A very important C. Communication.

The Four Cs.  Communication, collaboration, creativity, and critical thinking.  Tonight and tomorrow, students will be utilizing all four.  Students in Iowa, Washington, and Minnesota.

Two twitter chats are happening. The first is this evening.  A group of middle school kids in Minnesota are hosting this awesome twitter chat!

Then a second twitter chat takes place tomorrow morning!

This twitter chat features pre-service teachers in Iowa chatting about technology use in class.  We’re inviting some of our own students and staff to participate!

The power of Twitter for communication, collaboration, creativity, and critical thinking.

Can’t wait for both!



Reading David Geurin’s great book, Future Driven.  Got me thinking about risk.  I was recently in the classroom of a 29 year veteran math teacher.  It was the first day of all of our 8th and 9th graders coming to class with brand new Chromebooks.  I saw this quote about risk in action from this teacher.

“Students will take exactly the same amount of learning risks they see their teachers take.”


This great teacher was introducing the kids to Jo Boaler.  He had a great video cued up and was using EdPuzzle to ask questions of the kids as they watched.  Jo Boaler talks about the fact that nothing happens in the brain when kids get the right answers. Mistakes, however, make the brain grow.  Well this teacher demonstrated all of this on DAY ONE with new Chromebooks.  Nothing worked like it was supposed to.  And this great teacher turned that struggle into learning.  Modeled.  Persevered.  The kids all chimed in on how to solve the problem.  Collaboration.  Creativity.  Critical thinking. Communication. Mistakes. Brain growth.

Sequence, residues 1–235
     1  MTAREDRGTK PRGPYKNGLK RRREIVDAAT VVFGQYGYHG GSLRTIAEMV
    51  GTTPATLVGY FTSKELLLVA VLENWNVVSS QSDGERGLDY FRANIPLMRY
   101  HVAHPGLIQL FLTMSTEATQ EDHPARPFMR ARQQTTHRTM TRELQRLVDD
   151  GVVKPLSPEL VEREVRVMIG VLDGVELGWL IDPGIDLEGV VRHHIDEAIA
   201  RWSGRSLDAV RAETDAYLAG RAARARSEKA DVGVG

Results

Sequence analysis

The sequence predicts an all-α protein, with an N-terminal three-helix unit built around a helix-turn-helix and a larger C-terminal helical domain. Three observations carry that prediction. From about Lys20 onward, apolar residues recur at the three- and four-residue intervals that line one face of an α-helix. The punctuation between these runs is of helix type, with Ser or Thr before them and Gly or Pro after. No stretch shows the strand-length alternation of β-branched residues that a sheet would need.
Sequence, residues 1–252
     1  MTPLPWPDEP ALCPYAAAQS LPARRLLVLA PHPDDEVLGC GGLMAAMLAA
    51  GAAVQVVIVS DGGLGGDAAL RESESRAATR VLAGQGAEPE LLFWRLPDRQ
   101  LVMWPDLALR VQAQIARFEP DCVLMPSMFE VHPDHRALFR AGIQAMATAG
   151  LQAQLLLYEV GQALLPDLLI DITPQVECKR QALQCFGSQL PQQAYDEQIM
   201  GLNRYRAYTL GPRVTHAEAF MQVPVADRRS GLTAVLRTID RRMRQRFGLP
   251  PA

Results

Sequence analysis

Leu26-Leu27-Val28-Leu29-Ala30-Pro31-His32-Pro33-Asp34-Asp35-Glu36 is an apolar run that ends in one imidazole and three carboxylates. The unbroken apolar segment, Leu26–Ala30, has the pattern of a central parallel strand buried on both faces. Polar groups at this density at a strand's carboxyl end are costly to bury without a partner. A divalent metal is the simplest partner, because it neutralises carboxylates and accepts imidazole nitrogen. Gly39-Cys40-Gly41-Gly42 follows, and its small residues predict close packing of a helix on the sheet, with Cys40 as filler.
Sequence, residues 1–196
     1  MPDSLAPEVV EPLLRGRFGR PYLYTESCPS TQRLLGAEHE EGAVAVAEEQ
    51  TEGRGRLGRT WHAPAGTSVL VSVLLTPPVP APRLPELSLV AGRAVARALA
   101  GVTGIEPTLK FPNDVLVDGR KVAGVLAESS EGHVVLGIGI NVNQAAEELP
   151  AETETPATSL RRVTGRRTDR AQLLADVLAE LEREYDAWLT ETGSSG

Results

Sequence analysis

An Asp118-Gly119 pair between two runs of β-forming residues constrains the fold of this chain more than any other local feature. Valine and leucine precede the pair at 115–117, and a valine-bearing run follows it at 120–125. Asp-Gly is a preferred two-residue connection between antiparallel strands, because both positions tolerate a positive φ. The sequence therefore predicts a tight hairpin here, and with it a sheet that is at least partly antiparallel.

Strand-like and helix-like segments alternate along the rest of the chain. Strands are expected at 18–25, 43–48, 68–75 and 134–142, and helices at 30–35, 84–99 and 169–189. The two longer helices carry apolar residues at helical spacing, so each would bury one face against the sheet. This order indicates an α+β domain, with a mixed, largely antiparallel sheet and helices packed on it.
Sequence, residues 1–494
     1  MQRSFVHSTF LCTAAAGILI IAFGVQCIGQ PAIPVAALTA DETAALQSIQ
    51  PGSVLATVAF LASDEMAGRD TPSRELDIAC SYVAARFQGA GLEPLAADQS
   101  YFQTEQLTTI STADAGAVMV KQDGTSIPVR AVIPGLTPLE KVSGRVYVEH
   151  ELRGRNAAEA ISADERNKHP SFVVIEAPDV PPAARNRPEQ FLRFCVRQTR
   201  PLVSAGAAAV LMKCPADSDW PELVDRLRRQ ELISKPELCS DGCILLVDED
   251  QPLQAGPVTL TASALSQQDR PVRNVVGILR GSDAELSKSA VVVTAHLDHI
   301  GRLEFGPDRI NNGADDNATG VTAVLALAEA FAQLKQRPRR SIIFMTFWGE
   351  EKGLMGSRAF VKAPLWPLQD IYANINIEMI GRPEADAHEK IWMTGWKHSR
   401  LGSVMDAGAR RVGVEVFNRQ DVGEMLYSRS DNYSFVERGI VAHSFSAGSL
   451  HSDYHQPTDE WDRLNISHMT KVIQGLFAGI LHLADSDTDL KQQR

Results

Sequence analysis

All the result of risk.  Sure.  He could have just had kids take notes on their new device. Nope.  Not nearly risky enough.  Kids need to see educators in action.  Struggling.  Trying new things.  Learning.  Failing.  Making glorious huge mistakes.

Because our students will take exactly the same amount of learning risks they see their teachers take.

Thank you Mr. Kirk Dodge for being such a spectacular, risk taking, educational leader.

School is no longer constrained to how far the bus can travel in the morning.

Ever read something, a book, a sentence, a phrase, a passage….that you CANNOT get out of your head.  Well Different Schools for a Different World by Scott McLeod and Dean Shareski just hammered my thinking.  Their work is not a long read.  It’s about 60 pages. Don’t let that fool you.  My favorite college professor, Dr. Ruth Slonim, once said, “Good writing is not when there’s nothing more to add, rather when there’s nothing more to be taken away.”  This book is lean and dead on point.  A literal wake up call.

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The authors share, “Our six arguments for making schools different are based on the following observations, each of which corresponds to the first six chapters.

1.  Our information landscape is becoming incredibly complex and students need the skills to navigate it effectively.
2.  Automation and global hyper-competition increasingly define the economy that our graduates are entering.
3.  The role of teachers as exclusive purveyors of information is obsolete.
4.  The tasks we ask students to perform are often undemanding and tedious, leading to boredom and a lack of critical thinking.
5.  Schools are doing too little to create a culture of educational innovation that can respond to evolving student needs.